Are Jobless Recoveries the New Norm?


Are Jobless Recoveries the New Norm?

Recent recessions have been followed by exceptionally slow recoveries in the labor market, and the current recession is shaping up to follow the same pattern. Read more (PDF)

  1. What is meant by a jobless recovery?
    • A jobless recovery is a recovery that is characterized by the unusually slow improvement of employment numbers. All it usually takes to declare the start of a recovery is for GDP growth to become positive, but in most recoveries, employment levels also return to their prerecession levels fairly quickly—within 21 months from the start of the recession (with the average recession lasting 10 months). In a jobless recovery, it takes much longer for employment levels to rise. For example, it took 31 months for employment to return to its prerecession level in the 1990-91 recession and 47 months in the 2001 recession.
  2. How have payroll employment levels dropped and the unemployment rate risen during the recent recession? How is this different from past recessions?
    • This past recession was the worst ever for both labor market measures in the United States. Payroll employment numbers dropped more during this past recession than in any previous U.S. recession, and the unemployment rate rose more than in any other U.S. recession.

      From the beginning of the recession in December 2007 to the end of February 2010, total nonfarm payroll employment declined about 8.4 million, or 6.1 percent. In the same period, the unemployment rate jumped from 5 percent to 10.1 percent (in October) before coming down to 9.7 percent today.

      Two things make the behavior of payroll employment and the unemployment rate in this past recession different from most other recessions. One is how far out of the typical range the numbers have gotten—the unemployment rate increase is much higher and the decline in payroll employment level is much lower than the average of all post-World War II recessions. The other thing that is different is that each measure is continuing to deteriorate for a much longer time than they do on average. In this respect, this past recession and the two that preceded it are similar. All of these recessions were long-unemployment-duration-driven episodes.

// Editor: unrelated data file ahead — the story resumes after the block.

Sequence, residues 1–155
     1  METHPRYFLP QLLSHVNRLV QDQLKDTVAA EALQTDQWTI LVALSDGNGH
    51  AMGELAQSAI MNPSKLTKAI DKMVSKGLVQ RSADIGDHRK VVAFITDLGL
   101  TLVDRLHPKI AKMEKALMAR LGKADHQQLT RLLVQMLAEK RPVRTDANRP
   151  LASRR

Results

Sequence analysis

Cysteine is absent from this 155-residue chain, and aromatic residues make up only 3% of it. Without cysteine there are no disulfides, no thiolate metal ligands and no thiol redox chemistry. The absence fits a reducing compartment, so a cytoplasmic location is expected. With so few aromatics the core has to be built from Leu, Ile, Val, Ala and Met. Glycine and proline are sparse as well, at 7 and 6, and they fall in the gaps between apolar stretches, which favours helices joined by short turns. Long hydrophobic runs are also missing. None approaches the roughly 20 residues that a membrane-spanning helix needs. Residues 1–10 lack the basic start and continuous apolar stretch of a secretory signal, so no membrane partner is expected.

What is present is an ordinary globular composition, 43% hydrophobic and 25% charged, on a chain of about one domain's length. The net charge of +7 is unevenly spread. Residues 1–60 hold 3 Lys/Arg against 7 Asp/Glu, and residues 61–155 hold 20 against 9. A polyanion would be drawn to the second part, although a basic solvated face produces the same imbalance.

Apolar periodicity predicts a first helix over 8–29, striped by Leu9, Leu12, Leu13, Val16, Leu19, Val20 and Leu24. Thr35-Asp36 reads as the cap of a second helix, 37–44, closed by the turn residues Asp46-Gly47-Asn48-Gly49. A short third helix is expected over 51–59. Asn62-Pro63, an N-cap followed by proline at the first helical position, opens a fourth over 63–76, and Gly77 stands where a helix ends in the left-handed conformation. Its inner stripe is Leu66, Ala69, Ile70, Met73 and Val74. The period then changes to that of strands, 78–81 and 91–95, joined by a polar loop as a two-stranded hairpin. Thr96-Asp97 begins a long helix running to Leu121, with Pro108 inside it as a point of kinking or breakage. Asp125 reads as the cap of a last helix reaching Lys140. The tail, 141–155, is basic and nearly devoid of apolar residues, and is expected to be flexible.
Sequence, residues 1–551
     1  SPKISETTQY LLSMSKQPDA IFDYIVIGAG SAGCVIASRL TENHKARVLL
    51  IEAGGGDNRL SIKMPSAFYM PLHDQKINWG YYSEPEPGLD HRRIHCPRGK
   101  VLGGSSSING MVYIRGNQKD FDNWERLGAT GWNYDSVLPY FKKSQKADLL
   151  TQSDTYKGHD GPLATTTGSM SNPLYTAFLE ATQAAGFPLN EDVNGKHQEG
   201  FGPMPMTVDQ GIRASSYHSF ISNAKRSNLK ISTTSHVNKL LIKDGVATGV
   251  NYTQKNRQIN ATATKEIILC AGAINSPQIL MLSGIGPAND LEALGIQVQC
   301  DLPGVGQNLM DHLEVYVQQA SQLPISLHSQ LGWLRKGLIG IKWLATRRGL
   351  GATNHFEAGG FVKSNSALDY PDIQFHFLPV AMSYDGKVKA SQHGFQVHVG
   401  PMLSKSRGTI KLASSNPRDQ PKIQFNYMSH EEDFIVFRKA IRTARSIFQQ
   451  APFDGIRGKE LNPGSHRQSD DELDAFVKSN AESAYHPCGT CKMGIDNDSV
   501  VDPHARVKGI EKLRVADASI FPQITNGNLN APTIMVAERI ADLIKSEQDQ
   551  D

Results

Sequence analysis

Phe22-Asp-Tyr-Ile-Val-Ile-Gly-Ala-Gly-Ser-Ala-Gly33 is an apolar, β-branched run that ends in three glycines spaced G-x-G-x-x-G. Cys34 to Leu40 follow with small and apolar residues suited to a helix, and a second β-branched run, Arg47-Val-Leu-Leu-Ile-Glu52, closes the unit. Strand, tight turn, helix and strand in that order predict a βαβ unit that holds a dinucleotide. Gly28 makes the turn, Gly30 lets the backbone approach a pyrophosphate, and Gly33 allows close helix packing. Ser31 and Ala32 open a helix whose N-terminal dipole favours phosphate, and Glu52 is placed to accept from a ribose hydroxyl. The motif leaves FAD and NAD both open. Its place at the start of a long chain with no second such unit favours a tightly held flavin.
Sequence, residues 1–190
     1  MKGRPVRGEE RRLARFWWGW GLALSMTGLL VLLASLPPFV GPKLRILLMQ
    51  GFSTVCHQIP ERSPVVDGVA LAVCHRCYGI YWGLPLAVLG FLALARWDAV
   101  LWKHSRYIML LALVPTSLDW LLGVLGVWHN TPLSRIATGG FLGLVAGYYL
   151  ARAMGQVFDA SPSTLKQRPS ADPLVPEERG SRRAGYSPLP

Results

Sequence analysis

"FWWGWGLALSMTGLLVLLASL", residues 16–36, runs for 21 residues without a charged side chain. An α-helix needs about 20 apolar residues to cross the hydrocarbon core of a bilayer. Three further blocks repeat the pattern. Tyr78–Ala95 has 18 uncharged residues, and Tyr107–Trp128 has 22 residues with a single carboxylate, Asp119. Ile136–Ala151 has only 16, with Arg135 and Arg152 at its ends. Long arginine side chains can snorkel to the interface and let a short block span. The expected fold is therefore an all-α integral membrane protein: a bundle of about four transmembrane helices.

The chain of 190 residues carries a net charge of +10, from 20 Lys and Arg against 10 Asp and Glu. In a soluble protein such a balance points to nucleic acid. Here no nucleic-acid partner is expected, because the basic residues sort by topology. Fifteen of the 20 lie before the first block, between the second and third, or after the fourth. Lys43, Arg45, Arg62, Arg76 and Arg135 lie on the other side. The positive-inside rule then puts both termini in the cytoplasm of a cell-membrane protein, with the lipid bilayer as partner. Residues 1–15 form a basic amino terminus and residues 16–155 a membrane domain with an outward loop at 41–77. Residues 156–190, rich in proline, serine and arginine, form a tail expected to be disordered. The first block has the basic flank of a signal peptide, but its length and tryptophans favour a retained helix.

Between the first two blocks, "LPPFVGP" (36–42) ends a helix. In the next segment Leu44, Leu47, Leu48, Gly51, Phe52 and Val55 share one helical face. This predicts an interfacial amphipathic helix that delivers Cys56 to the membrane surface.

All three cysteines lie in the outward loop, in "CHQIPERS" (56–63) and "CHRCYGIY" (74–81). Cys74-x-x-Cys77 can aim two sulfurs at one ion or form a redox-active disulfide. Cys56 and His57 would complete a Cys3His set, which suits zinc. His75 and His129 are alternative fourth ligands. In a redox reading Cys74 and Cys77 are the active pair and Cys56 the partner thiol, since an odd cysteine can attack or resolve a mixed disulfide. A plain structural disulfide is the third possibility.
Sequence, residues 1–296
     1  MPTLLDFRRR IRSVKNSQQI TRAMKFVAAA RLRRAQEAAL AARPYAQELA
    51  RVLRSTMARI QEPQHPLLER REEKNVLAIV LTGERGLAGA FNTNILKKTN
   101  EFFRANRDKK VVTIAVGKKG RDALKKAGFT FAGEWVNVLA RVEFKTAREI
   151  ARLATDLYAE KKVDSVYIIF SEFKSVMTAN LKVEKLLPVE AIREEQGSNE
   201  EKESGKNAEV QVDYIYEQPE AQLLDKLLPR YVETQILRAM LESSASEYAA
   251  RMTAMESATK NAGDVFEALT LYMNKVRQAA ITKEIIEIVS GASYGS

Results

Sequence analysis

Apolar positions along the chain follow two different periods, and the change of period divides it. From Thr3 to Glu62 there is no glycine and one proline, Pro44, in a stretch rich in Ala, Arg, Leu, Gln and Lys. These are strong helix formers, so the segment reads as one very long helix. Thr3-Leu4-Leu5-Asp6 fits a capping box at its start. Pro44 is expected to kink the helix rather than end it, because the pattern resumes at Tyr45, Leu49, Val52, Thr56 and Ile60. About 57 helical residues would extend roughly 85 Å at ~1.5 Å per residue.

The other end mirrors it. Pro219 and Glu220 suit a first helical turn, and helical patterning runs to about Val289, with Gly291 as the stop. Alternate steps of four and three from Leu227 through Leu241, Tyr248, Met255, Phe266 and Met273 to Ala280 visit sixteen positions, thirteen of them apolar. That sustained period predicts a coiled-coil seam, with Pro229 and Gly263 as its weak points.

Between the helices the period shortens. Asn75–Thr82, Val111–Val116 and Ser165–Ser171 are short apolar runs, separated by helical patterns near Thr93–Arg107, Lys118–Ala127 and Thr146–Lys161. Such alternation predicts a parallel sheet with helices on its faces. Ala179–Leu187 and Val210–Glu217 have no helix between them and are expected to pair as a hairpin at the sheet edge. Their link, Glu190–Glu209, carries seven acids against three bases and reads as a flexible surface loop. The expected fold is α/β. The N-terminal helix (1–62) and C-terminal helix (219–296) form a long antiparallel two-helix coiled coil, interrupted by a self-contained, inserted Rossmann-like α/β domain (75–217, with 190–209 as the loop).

3. What are the consequences of longer periods of unemployment? Do you think this has implications for government policy?
    • One consequence is that longer unemployment spells erode human capital. When workers are unemployed for longer periods, they can lose industry- and occupation-specific skills. As a result, their productivity will likely be lower when they find a job. Longer unemployment spells can also cause another kind of inefficiency in labor markets. Many workers might be tempted to take up the first job they find after a long spell of unemployment, no matter how good a match the job is for them, and they might be more likely to change employers when job prospects improve. Since recruiting for workers and looking for a job consume resources, this excessive labor market churning could be detrimental to overall productivity during the recovery. Lower productivity is bad because it will ultimately slow the rate of employment gains during the recovery and lower our standard of living.

      I think there are some important implications, but I don’t think we know nearly enough to suggest what government policy should be! The most important implication is that during unemployment spells, workers need to retain or build their skills, not let them waste away. It would be advantageous as well to think in terms of skills that will enhance their productivity. If they are in waning industries, maybe they need to consider new lines of work. It is not clear however, whether the government will be able to pick a better human capital investment decision for unemployed workers than the workers themselves.
  4. Why do employers lay off workers temporarily or cut their hours during recessions? What are the consequences of these practices when business picks up?
    • Some employers lay off their workers temporarily or reduce their hours at work because it saves the employer from having to spend money and time searching for good employees when economic conditions improve and the employer needs to hire more workers again.

      Both practices might be linked to a jobless recovery, though in different ways. First, if employers are making less use of temporary layoffs, it suggests a jobless recovery is likely. Workers who are laid off temporarily are likely to be rehired when business picks up, which will bring the unemployment rate down. Workers who are let go permanently are not as likely to be employed as quickly. If temporary layoffs don’t rise during a recession, it means fewer workers are expected to be rehired, so the unemployment rate might not fall as quickly during the recovery. During the last recession, temporary layoffs did not increase much; if anything, they declined a bit.

      On the other hand, the widespread use of reducing workers’ hours that we have observed lately also has implications for a jobless recovery. When economic activity starts to grow again, businesses will first likely increase hours of their employees before rehiring again. Since these workers are already counted in the employment statistics, this change will not result in a decline in the unemployment rate or a rise in employment level.